Mr. Speaker, there is absolutely no connection between the two. The question of the equipment that is necessary for the Canadian forces has been a matter of long discussion. It is a matter of where we deal with these equipment purchases within the budget, within the allocation of funds for defence purposes. It is part of protecting the sovereignty of our country on land, in the air and at sea.

I think the health minister has advised members of the House well with respect to the very fine position the government is taking in dealing with hepatitis C.

Topic:   Oral Question Period
Subtopic:   Acquisition Of Submarines
Permalink
BQ

René Laurin

Bloc Québécois

Mr. René Laurin (Joliette, BQ)

Mr. Speaker, would the government be preparing once again to make an important decision, such as buying submarines during the parliamentary recess in order to avoid a public debate on its misguided priorities?

Topic:   Oral Question Period
Subtopic:   Acquisition Of Submarines
Permalink
LIB

Art Eggleton

Liberal

Hon. Arthur C. Eggleton (Minister of National Defence, Lib.)

Mr. Speaker, as I indicated in the House yesterday, this matter is still under discussion with the British government and until that matter is finalized we are not in a position to announce a decision one way or the other.

Topic:   Oral Question Period
Subtopic:   Acquisition Of Submarines
Permalink
REF

Jim Hart

Reform

Mr. Jim Hart (Okanagan—Coquihalla, Ref.)

Mr. Speaker, what is so disappointing here is that the health minister seems to not care. He just goes back on his own words.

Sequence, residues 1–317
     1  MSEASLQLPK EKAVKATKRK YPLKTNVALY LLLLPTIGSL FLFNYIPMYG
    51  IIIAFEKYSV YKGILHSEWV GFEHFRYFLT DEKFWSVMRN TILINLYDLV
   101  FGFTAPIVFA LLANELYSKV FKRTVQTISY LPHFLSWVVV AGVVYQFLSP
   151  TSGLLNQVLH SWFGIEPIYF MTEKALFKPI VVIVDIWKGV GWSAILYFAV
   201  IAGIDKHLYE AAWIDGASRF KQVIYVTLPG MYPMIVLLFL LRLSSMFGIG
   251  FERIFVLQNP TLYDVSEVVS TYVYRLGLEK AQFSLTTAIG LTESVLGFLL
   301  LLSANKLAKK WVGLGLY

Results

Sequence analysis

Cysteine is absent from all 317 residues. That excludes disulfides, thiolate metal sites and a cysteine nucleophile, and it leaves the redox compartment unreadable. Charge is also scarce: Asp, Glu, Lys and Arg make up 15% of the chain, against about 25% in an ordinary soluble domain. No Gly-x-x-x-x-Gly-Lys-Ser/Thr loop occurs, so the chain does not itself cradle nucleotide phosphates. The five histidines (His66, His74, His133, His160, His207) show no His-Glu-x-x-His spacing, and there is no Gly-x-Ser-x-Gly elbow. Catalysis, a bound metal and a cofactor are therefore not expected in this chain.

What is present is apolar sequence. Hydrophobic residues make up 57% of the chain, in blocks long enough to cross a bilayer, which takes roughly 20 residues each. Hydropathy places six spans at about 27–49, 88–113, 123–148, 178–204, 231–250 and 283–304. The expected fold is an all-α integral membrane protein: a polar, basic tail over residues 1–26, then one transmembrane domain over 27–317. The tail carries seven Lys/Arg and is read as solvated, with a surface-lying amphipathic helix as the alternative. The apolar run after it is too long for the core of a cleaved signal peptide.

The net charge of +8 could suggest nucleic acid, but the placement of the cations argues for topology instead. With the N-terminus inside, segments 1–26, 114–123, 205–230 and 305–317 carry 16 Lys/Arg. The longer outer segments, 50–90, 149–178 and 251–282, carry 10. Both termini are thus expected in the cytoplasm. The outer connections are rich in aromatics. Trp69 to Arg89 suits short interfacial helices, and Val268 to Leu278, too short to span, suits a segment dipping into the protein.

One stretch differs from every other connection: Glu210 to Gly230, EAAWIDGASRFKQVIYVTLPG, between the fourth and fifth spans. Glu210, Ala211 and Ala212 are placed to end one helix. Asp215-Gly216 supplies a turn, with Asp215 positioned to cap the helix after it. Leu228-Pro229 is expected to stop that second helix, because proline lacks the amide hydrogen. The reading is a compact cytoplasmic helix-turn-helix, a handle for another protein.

In November he told the Ottawa Citizen that he did not want to see hepatitis C victims spend their lifetime in litigation.

A few weeks ago he said all victims would receive “compassionate and fair and appropriate compensation”. The minister broke those promises, and all the empty sound bites in the world will not change that.

Just when did he sell out on his principles and was it worth it?

Topic:   Oral Question Period
Subtopic:   Hepatitis C
Permalink
LIB

Allan Rock

Liberal

Hon. Allan Rock (Minister of Health, Lib.)

Mr. Speaker, all the health ministers in the country took those same principles to heart as they worked for months toward this compensation package.

As a result of our work and the agreement among all governments over 22,000 Canadians have been spared litigation. Over 22,000 Canadians are going to be the beneficiaries of a compensation offer that totals $1.1 billion.

For them and their families that is very significant evidence of compassion on the part of governments.

Topic:   Oral Question Period
Subtopic:   Hepatitis C
Permalink
REF

Jim Hart

Reform

Mr. Jim Hart (Okanagan—Coquihalla, Ref.)

Mr. Speaker, I asked the minister if he was proud of the fact that he abandoned those people who now will spend their lifetime in litigation, the people who are not being compensated in his package. His package is wrong. He knows it. Other ministers of health in the provinces now know that too.

Is he now saying that he does not care about those excluded hepatitis C victims? Is he saying that he does not care if they spend their lifetime in litigation?

Topic:   Oral Question Period
Subtopic:   Hepatitis C
Permalink
LIB

Allan Rock

Liberal

Hon. Allan Rock (Minister of Health, Lib.)

Mr. Speaker, as I have explained, all the governments of Canada brought those same principles of compassion and fairness to the table. We looked at the history of the matter. We proceeded on what we believe is sound public policy.

For example, in the Vancouver Sun this week some of these points are made very elaborately confirming the wisdom of the decision of all the health ministers and all the governments of the country supporting it and saying the position is fully justified. Across the country evidence can be seen of people who have thought about this issue agreeing with the position taken by all the governments of the country.

Topic:   Oral Question Period
Subtopic:   Hepatitis C
Permalink

April 3, 1998